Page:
The Federal Budget; More, more, more for defense: Reagan asks for his largest increase
Two more years. That's how much longer it should take before United States military spending begins to level off. President Reagan's bugle call to rearm America with newer weapons and better-trained soldiers, sailors, and airmen was heard again here Wednesday.
This time the President asked for the largest Defense Department increase of his four-year term.
The military agenda spelled out by Reagan & Co. remains much the same as it has been since 1981. They want new planes, especially the B-1 bomber. A 600-ship Navy with 15 aircraft carriers. Four restored battleships. Higher military pay. Better training. More flight time for pilots to gain experience. More steaming time for ships. The Peacekeeper (MX) strategic missile. More submarines. A rapid deployment force. Better communications. More research. Space weapons.
This time the President is asking for 13 percent more money - $305 billion in the 1985 fiscal year that begins Oct. 1. That's $16 billion less than the armed services asked for, but it shook some members of Congress.
Sen. Sam Nunn of Georgia, a key Democrat on the Armed Services Committee, said there is no question the budget request would be cut. The only question is ''when and how much it will be reduced.''
After next year's record increase, Mr. Reagan wants another 9.2 percent in 1986. But that would be it. The Reagan military buildup would be largely complete. America's deterrent power would be essentially restored, says Defense Secretary Caspar W. Weinberger.
In later years, Mr. Weinberger promises that increases will be on the order of 3.5 to 3.9 percent - just about enough to keep up with inflation.
The military budget has been a political battlefield since Mr. Reagan took office.
Democrats have zeroed their fire at everything from the B-1 bomber (Walter Mondale would ''terminate'' it) to the rapid-deployment force (John Glenn attacks it as ''not rapid, not deployable, and not a real force''). George McGovern pounces on the military as a ''wasteful, bloated monster.''
But the President has dodged such fire and pressed his offensive.There seems no compromise in his new budget, even though it is an election year.
So far, the American public has supported the President. When Reagan came into office, surveys showed that most Americans felt spending on military affairs was too low.
A 1980 poll by the National Opinion Research Center found that 60 percent of the American people believed the country was spending too little for defense, while only 12 felt that spending was too high.
Most Americans have continued to support the Reagan buildup, even as Democrats have escalated their criticism. The most recent survey by National Opinion Research shows 34 percent now feel the budget is too high, but nearly twice as many voters, 66 percent, still feel the budget is either too low or is now just about right.
What have the American people gotten for all this money?
The budget has risen in real terms (adjusted for inflation) by 11.4 percent in 1981, 12.1 percent in 1982, 8.7 percent in 1983, and a smaller 3.7 percent in 1984.
Is the American military stronger today than it was when Jimmy Carter left office? Analysts in and out of government point to a number of factors that indicate there has been real improvement. Among those:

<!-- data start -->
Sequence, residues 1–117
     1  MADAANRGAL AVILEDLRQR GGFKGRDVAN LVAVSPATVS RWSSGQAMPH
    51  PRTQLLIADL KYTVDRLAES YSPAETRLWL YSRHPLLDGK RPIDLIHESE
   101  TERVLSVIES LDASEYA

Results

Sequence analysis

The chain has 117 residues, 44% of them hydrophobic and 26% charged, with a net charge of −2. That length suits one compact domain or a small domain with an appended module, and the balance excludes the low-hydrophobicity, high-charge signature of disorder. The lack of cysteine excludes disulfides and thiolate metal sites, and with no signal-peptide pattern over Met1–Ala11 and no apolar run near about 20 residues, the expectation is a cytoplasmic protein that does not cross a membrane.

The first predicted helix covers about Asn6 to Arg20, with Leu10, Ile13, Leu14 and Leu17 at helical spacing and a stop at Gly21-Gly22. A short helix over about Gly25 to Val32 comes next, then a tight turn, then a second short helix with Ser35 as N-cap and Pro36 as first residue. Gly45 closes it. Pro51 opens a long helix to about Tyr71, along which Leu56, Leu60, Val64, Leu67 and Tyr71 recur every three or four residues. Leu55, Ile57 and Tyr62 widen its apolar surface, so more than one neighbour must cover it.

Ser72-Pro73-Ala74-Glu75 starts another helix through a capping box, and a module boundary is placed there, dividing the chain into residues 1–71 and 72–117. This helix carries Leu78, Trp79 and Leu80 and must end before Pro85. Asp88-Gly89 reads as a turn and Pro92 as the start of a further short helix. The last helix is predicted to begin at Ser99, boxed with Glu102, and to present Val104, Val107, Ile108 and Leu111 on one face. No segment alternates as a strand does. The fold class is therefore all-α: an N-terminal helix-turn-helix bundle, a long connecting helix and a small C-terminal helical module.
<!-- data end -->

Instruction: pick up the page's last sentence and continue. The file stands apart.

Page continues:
Readiness. When President Reagan came into office, there were serious problems with planes that wouldn't fly, weapons that didn't work, soldiers who were not getting enough training. Specifically, Pentagon studies show that 25 percent of the Army's combat units were not ready to fight, 40 percent of major combat ships were unfit for combat, and 33 percent of the Navy's aviation squadrons were unprepared.
Billions of dollars have been directed at these problems. And there have been results. Between 1980 and 1983, the number of military units fit for combat rose 39 percent. Today the number of ships failing to be overhauled because of lack of funds has dropped to only two.
Sustainability. Even units that were prepared to fight in 1981 could not have done so for very long.
The Warsaw Pact, by comparison, had built up stockpiles of ammunition, and could have outlasted the allies in a conventional war in Europe. The Navy has been so short of munitions that there wasn't enough to arm every ship in the fleet even once. Spending for munitions has been doubled.
Modernization. In the 1970s, America's strategic programs slowed drastically.
The US deployed its last intercontinental ballistic missile, the Minuteman III, in 1970. Since that time, the Soviets have deployed four new classes of ICBMs and performed seven major modifications to those systems.
The MX missile, now called the Peacekeeper, was the Carter (and later the Reagan) response to this Soviet buildup. Reagan has also pushed production of the B-1 bomber (100 will be built), research on the Stealth (radar-invisible) bomber, and the Trident ballistic-missile submarine.
On the ground, Reagan has gotten higher output (60 per month) of the M-1 Abrams tank, the Bradley Fighting Vehicle (75 a month), and other weapons to meet the Soviet armored threat in Europe.
At sea, the 1985 budget continues the effort for a 600-ship Navy. Reagan inherited 479 ships. That will grow to 525 this year, and 545 in 1985.
In the air, besides the B-1 bomber (34 in the newest budget), emphasis will go toward upgrading US fighters and ground-attack aircraft.
Manpower. What Pentagon officials call their ''greatest success story'' has been the growing quality of manpower in the armed services. Example: In 1980, only 68 percent of military recruits were high school graduates. Today that is up to 91 percent, is well above the national average of 75 percent.